Environmental, Social and Governance (ESG) factors are a key way to measure organisations’ commitment to sustainability. There is a long road ahead to build an ESG-compliant corporate world, but creating a working environment that is as close as possible to human and planetary needs has become a necessity. It is also particularly crucial for organisations that are a target of media attention around ESG-related issues.
Pay and benefits matters can play a crucial role in shaping an ESG-oriented HR mentality and attracting talents and investors. Ius Laboris carried out a survey of 27 countries across the world to understand whether organisations should include ESG indicators as key performance indicators, KPIs, in bonus plans. The full results are available here.
The survey shows a common trend among decision-makers across the world, from Australia to South America: encouraging ESG values by including them among the KPIs in bonus plans.
ESG-themed KPIs are not generally mandatory in the 27 countries surveyed, but the tendency is that it is absolutely advisable to include them in the bonus plans.
Currently, EU law requires certain large companies to disclose information on the way they operate and manage social and environmental challenges. This helps investors, civil society organisations, consumers, policy makers and other stakeholders to evaluate their non-financial performance and encourages them to develop a responsible approach to business.
The Non-Financial Reporting Directive (NFRD, Directive 2014/95/EU) sets rules on disclosure of non-financial and diversity information by certain large companies.
According to the NFRD, large companies must publish information related to:
In addition, as the Belgian survey response reminds us, inside the EU, financial market participants and financial advisers must include information in their remuneration policies on how those policies are consistent with the integration of sustainability risks (this is regulated in the European Regulation on sustainability-related disclosures in the financial service sector, EU 2019/2088). Including ESG indicators as KPIs in bonus plans may be a way to comply with these reporting requirements.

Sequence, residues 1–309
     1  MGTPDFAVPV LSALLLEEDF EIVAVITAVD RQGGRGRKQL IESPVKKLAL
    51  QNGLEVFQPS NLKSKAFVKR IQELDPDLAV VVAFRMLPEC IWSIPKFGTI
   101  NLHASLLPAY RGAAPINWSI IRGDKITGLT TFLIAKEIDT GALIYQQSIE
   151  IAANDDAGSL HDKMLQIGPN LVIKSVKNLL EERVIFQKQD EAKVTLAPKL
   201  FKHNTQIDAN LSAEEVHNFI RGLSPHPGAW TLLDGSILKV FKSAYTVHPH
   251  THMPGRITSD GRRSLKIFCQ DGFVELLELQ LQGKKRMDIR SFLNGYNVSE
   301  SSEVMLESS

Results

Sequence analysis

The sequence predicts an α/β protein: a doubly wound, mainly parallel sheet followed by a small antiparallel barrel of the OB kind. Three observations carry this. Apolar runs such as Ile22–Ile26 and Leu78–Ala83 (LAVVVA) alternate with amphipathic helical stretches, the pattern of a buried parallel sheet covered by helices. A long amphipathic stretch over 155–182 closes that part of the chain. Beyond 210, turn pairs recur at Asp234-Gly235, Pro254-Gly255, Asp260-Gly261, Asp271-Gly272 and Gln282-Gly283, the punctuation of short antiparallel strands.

In Italy and Croatia, in compliance with the requirements described above, listed companies are required by law to set their remuneration policies taking into account the pursuit of sustainability.
Among other European countries, in Austria and France large corporations (i.e. those with more than 500 employees) are required to provide an annual non-financial statement about the impact of the organisation’s policies and activities on environmental, social and employee matters. French listed companies must include clear, detailed financial and non-financial KPIs in corporate officers’ variable remuneration policy, including relating to the company’s social and environmental responsibility. Many French companies also include ESG key performance indicators in the list of performance criteria used to calculate bonuses under collective incentive agreements.
Even outside the EU, the trend is uniform. In both the UK and US, it is not currently mandatory to include ESG KPIs in bonuses, but the need for this is becoming increasingly apparent in view of requests from investors and job applicants. During 2021, both countries introduced additional disclosure obligations on ESG metrics.
In addition, in the UK, for accounting period starting on or after 1 January 2021, premium listed FTSE (Financial Times Stock Exchange) companies are required to provide climate-related financial disclosures to comply with the latest Financial Conduct Authority (FCA) requirements. The FCA has proposed extending the disclosure requirements to asset managers, life insurers and pension providers.